Recapitulation of the sexual cycle of the primary fungal pathogen Cryptococcus neoformans var. gattii: Implications for an outbreak on Vancouver Island, Canada

Fraser, James A., Subaran, Ryan L., Nichols, Connie B. and Heitman, Joseph (2003) Recapitulation of the sexual cycle of the primary fungal pathogen Cryptococcus neoformans var. gattii: Implications for an outbreak on Vancouver Island, Canada. Eukaryotic Cell, 2 5: 1036-1045. doi:10.1128/EC.2.5.1036-1045.2003


Author Fraser, James A.
Subaran, Ryan L.
Nichols, Connie B.
Heitman, Joseph
Title Recapitulation of the sexual cycle of the primary fungal pathogen Cryptococcus neoformans var. gattii: Implications for an outbreak on Vancouver Island, Canada
Formatted title
Recapitulation of the Sexual Cycle of the Primary Fungal Pathogen Cryptococcus neoformans var. gattii: Implications for an Outbreak on Vancouver Island, Canada
Journal name Eukaryotic Cell   Check publisher's open access policy
ISSN 1535-9778
Publication date 2003-01-01
Sub-type Article (original research)
DOI 10.1128/EC.2.5.1036-1045.2003
Open Access Status Not Open Access
Volume 2
Issue 5
Start page 1036
End page 1045
Total pages 10
Place of publication Washington, DC, United States
Publisher American Society for Microbiology
Language eng
Subject 06 Biological Sciences
11 Medical and Health Sciences
Formatted abstract
Cryptococcus neoformans is a human fungal pathogen that exists as three distinct varieties or sibling species: the predominantly opportunistic pathogens C. neoformans var. neoformans (serotype D) and C. neoformans var. grubii (serotype A) and the primary pathogen C. neoformans var. gattii (serotypes B and C). While serotypes A and D are cosmopolitan, serotypes B and C are typically restricted to tropical regions. However, serotype B isolates of C. neoformans var. gattii have recently caused an outbreak on Vancouver Island in Canada, highlighting the threat of this fungus and its capacity to infect immunocompetent individuals. Here we report a large-scale analysis of the mating abilities of serotype B and C isolates from diverse sources and identify unusual strains that mate robustly and are suitable for further genetic analysis. Unlike most isolates, which are of both the a and α mating types but are predominantly sterile, the majority of the Vancouver outbreak strains are exclusively of the α mating type and the majority are fertile. In an effort to enhance mating of these isolates, we identified and disrupted the CRG1 gene encoding the GTPase-activating protein involved in attenuating pheromone response. crg1 mutations dramatically increased mating efficiency and enabled mating with otherwise sterile isolates. Our studies provide a genetic and molecular foundation for further studies of this primary pathogen and reveal that the Vancouver Island outbreak may be attributable to a recent recombination event.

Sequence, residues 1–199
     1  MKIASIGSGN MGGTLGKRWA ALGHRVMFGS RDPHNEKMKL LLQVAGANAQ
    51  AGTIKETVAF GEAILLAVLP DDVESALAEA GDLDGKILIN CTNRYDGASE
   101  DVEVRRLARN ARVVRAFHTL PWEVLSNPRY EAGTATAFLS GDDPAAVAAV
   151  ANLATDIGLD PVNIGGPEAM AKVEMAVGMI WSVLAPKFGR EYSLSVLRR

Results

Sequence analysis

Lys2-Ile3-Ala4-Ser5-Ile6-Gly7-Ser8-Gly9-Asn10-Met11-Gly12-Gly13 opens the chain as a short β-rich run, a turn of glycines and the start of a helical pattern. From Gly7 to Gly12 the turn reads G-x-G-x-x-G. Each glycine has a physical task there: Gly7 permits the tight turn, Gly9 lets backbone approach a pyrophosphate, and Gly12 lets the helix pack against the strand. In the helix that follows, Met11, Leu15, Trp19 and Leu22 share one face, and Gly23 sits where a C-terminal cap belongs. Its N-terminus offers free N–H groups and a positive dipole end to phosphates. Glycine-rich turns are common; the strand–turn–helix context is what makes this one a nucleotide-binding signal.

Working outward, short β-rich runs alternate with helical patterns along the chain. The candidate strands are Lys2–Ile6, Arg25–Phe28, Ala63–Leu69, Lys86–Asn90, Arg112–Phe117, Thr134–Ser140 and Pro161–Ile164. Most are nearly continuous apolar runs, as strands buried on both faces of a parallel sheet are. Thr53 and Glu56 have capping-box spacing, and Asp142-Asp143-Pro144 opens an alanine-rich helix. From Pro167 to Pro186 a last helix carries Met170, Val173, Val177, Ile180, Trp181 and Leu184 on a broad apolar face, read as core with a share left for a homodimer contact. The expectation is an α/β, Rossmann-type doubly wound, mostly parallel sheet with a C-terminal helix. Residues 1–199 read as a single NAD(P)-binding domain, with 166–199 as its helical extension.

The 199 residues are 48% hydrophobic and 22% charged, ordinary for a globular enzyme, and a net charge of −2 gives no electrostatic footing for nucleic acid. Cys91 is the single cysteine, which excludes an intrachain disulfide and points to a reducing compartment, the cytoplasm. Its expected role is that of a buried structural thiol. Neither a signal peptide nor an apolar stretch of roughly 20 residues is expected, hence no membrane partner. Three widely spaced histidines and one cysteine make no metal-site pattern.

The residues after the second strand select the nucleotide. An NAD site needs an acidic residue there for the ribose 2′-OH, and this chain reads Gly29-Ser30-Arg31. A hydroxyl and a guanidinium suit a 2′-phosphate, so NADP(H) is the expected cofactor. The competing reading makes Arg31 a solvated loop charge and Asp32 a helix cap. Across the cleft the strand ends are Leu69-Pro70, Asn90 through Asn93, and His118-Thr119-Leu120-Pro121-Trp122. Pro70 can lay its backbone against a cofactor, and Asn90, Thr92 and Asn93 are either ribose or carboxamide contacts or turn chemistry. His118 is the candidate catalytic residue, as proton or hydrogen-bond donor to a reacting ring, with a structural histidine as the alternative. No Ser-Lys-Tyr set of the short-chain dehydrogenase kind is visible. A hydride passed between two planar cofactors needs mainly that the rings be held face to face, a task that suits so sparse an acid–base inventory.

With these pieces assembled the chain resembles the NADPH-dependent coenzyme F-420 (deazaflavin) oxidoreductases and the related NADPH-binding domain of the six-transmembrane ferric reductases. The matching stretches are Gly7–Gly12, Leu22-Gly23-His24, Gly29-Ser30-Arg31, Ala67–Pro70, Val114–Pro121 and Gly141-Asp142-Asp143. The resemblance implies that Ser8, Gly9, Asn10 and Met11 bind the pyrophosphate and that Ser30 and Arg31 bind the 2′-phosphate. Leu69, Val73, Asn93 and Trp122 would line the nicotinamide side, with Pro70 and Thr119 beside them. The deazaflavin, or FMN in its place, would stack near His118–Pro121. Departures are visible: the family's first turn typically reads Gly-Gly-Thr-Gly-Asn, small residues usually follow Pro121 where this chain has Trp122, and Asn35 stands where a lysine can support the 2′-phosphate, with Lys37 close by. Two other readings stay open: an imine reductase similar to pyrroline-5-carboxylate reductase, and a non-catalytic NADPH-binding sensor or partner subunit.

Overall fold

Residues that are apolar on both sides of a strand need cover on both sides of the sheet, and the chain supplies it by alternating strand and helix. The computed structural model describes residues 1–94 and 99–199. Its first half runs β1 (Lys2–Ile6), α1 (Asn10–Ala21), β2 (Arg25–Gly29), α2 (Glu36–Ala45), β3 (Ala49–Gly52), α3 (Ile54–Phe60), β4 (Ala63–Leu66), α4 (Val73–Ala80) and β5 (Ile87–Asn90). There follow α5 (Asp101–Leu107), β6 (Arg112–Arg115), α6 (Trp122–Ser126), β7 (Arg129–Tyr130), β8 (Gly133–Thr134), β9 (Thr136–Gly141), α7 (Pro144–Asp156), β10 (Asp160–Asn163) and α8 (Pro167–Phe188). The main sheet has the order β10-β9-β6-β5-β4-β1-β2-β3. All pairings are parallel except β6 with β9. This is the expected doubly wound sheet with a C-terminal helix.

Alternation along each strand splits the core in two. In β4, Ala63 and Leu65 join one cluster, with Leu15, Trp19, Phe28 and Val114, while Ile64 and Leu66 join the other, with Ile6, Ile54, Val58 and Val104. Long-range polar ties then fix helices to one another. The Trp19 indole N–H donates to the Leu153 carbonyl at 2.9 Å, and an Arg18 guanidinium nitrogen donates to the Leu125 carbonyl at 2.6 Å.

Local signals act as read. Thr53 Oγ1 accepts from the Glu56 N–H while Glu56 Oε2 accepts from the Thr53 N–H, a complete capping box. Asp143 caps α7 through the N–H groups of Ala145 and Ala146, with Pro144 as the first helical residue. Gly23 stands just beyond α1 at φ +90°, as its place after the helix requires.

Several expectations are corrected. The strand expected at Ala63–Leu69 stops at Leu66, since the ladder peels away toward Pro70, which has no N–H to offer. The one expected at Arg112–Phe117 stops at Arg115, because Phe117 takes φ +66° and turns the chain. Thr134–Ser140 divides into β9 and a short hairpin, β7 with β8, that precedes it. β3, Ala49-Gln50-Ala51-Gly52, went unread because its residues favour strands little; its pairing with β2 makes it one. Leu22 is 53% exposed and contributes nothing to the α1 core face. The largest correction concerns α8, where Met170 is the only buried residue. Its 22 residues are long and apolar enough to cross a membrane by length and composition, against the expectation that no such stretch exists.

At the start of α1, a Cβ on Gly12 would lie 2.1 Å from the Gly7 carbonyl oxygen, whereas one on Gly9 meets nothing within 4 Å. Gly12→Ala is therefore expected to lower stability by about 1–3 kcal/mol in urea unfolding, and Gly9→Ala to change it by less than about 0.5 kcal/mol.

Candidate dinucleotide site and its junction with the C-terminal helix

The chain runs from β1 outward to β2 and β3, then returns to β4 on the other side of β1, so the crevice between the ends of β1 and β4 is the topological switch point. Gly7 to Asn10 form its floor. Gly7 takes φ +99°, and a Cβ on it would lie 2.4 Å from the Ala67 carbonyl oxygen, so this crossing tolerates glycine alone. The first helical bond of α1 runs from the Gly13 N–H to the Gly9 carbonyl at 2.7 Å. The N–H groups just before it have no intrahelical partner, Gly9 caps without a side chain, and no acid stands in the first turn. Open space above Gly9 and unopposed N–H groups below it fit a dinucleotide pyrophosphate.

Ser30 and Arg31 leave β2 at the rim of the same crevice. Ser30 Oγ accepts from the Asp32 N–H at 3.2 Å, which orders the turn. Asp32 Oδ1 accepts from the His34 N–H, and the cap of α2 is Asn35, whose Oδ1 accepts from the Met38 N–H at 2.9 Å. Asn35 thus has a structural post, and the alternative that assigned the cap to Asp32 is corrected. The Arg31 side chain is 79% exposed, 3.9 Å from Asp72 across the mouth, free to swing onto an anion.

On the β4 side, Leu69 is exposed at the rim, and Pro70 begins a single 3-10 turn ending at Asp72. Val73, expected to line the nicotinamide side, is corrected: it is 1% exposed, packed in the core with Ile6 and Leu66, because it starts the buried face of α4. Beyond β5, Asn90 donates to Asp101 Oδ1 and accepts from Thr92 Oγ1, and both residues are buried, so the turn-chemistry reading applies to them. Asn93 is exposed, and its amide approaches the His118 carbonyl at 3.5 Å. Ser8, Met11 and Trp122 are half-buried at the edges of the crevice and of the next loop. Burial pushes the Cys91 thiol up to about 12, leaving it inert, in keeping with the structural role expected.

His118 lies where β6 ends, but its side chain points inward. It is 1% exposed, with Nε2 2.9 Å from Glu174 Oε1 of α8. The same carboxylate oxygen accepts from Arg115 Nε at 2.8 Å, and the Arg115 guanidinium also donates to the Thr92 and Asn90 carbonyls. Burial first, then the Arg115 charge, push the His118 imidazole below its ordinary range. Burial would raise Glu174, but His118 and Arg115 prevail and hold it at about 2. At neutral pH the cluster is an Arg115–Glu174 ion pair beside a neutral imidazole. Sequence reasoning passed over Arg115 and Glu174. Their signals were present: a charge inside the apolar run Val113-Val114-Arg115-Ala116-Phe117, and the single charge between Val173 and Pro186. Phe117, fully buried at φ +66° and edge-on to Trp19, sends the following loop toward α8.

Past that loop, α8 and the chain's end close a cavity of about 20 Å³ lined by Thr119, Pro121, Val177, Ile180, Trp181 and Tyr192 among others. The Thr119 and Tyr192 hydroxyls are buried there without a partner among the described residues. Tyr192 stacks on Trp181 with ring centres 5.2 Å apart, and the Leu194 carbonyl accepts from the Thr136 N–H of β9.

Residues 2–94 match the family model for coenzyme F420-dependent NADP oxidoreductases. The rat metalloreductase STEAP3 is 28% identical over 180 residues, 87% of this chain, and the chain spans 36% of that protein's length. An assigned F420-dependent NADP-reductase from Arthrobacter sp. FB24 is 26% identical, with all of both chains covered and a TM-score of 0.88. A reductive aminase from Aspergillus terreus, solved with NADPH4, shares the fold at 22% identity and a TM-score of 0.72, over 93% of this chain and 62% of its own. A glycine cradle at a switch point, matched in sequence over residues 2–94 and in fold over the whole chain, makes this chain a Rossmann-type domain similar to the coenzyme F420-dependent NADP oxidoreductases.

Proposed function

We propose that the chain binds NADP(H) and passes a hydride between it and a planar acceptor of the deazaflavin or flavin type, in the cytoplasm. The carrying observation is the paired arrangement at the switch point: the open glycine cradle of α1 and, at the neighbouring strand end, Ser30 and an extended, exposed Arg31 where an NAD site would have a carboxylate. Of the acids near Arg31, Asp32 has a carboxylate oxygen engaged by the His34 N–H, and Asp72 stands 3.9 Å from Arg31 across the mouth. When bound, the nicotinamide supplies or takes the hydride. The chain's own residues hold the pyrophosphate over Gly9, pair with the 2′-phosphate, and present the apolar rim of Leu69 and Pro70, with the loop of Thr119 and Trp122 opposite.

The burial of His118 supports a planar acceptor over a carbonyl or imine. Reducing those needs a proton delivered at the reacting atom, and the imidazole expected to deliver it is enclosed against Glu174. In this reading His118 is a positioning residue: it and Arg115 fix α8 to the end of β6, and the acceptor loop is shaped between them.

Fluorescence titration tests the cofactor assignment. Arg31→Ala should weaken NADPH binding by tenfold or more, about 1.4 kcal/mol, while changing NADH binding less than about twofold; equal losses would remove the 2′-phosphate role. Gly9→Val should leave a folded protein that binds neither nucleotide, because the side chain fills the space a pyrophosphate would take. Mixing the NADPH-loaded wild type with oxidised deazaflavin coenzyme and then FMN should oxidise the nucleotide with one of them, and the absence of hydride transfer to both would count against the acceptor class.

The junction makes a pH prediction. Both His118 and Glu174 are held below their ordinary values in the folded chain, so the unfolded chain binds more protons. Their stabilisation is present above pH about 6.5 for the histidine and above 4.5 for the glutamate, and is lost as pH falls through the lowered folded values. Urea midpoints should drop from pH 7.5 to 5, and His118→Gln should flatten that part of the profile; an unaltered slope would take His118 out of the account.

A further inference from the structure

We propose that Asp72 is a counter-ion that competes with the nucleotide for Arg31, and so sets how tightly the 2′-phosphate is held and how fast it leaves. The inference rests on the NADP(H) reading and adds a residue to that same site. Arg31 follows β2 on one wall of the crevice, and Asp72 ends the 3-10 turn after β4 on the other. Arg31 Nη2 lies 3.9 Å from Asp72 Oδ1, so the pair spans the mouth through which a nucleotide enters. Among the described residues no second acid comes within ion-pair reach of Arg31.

Keyword Microbiology
Mating-type Locus
A Mata Strain
Saccharomyces-cerevisiae
Serotype
Protein
Gene
Virulence
Australia
Alpha
Yeast
Q-Index Code C1
Q-Index Status Provisional Code
Institutional Status Unknown

Document type: Journal Article
Sub-type: Article (original research)
Collections: Excellence in Research Australia (ERA) - Collection
School of Chemistry and Molecular Biosciences
 
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Created: Thu, 20 Sep 2007, 04:48:24 EST